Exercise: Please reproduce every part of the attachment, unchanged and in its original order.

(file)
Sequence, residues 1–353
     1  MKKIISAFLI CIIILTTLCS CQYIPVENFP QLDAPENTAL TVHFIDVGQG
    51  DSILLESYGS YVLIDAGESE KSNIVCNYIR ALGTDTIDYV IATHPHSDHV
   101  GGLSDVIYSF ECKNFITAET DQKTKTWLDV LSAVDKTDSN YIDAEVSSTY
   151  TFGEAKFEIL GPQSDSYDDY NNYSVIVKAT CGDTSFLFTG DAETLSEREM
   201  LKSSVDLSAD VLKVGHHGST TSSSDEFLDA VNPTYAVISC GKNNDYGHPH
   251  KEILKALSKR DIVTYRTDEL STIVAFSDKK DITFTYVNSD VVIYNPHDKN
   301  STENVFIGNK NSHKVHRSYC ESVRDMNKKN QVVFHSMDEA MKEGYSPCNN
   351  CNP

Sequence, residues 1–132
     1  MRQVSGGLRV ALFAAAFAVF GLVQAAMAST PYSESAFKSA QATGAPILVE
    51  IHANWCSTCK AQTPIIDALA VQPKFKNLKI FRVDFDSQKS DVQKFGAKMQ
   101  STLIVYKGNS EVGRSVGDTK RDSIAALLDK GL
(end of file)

Sequence, residues 1–353
     1  MKKIISAFLI CIIILTTLCS CQYIPVENFP QLDAPENTAL TVHFIDVGQG
    51  DSILLESYGS YVLIDAGESE KSNIVCNYIR ALGTDTIDYV IATHPHSDHV
   101  GGLSDVIYSF ECKNFITAET DQKTKTWLDV LSAVDKTDSN YIDAEVSSTY
   151  TFGEAKFEIL GPQSDSYDDY NNYSVIVKAT CGDTSFLFTG DAETLSEREM
   201  LKSSVDLSAD VLKVGHHGST TSSSDEFLDA VNPTYAVISC GKNNDYGHPH
   251  KEILKALSKR DIVTYRTDEL STIVAFSDKK DITFTYVNSD VVIYNPHDKN
   301  STENVFIGNK NSHKVHRSYC ESVRDMNKKN QVVFHSMDEA MKEGYSPCNN
   351  CNP

Sequence, residues 1–132
     1  MRQVSGGLRV ALFAAAFAVF GLVQAAMAST PYSESAFKSA QATGAPILVE
    51  IHANWCSTCK AQTPIIDALA VQPKFKNLKI FRVDFDSQKS DVQKFGAKMQ
   101  STLIVYKGNS EVGRSVGDTK RDSIAALLDK GL